"...mysterious and little known organisms live within walking distance of where you sit. Splendor awaits in minute proportions.”
E.O. Wilson (Biophilia)
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DISCLAIMERI am a photographer, not an entomologist. I do my best to have professionals assist in identifying the subjects of my photographs. However, positive identifications can not always be done unless the specimen is dead and viewed under a microscope. If you do find an error, or have doubts about the identification provided, please let me know in the comments or by email.
Category Archives: Hymenoptera
Most Saturdays mornings my daughter attends an orchestra practice, which often takes place at Wye Hall east of Sherwood Park, Alberta. While she is busy, I have the chance to scoot off to a nearby natural area that lies around the Fultonvale School and sports fields. Because the time is limited, and the walk is for exercise as well as nature appreciation, I don’t have a lot of time to linger. In fact, these photos are from a week ago, the only time in the last week that I had the time to don my bug photographer’s garb and hit the trail. Here’s a sample of the images taken when out on a quick walk (1hour) through the woods, using only the equipment in the lightweight kit and essentials.
Not fair, or even possible – I just don’t know. Here is a freshly emerged parasitoidan organism that lives in or on the body of a single host individual, eventually killing that host. wasp screaming-out for ID…
Near the end of the trail in Elk Island National Park, I spotted a dark jumping spider on the end of a fallen log. Unable to resist Salticids, I hunkered down and began shooting. The spider was not alone on the log, Formica ants were also busy in what appeared to be seed collecting. The spider was being a nuisance, ducking around the log and between old grass stems, so I soon turned my attention to the ants. It’s not often you get a good raised vantage point for photographing ants, and these were busy around several entrance holes in the log, so I managed to get a few pictures of seed-carrying.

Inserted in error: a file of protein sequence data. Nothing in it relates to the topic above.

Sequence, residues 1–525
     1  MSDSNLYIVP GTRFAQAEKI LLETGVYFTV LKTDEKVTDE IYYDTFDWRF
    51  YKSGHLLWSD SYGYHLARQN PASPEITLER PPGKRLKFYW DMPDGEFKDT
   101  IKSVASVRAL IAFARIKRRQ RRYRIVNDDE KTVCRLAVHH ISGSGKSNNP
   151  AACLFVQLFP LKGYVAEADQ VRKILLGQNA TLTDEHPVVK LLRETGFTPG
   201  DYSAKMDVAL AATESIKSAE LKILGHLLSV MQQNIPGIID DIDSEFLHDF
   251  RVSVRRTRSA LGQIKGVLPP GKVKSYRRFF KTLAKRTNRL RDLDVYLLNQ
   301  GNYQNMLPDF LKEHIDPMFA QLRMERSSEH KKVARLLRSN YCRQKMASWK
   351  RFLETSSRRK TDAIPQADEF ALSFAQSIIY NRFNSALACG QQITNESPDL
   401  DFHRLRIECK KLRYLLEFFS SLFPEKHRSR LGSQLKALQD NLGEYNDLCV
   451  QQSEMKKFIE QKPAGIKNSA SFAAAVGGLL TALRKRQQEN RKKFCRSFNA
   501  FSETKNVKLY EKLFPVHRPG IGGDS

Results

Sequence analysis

The ants have been identified as Formica aserva, which do not harvest seeds, but use them to ornament the outside of nests and nest entrances. Why? No one seems to know.
More information on F. aserva can be found at Navajo Nature.
Thanks to James Glasier for the ID, along with Dan Johnson, James Trager and Alex Wild for the Facebook discussion.
(23 May, 2013. Canon 5D Mk II with Canon MP-E 65mm lens mounted on a Kenko Pro 1.4x tele-extender. ISO 250, 1/200sec. @f16)
If you are a sucker for punishment, below is a video of how I worked the log, with a look at my latest MT-24EX twin-flash diffusion set-up:
(Video made with the Olympus E-PM1 and 14 – 45mm lens)
“The Missing Image”… it looks like it may become a regular feature.
Yesterday I sent out a last-minute request to Colin Hutton for permission to use one of his images for The Week on Sunday series. Of course, I waited too long, and his response came too late…but now I have it! Below is the image that first grabbed my attention on Facebook - not just a fine-looking bug, but a fine image.
Conura amoena is a chalcid wasp which parasitizes the pupae of small butterflies. It is only about 5mm long.
And to repeat yesterday’s introduction:
I don’t think I would be going too far to say that we are in the Golden Age of bug photography. Individuals from around the world are producing amazing photographs - detailed, well designed and sometimes even true works of art. This week I would like to direct you to the work of Colin Hutton, whose fine studio-style work can be seen at Deviant Art and at his website, Colin Hutton Photography. Wow!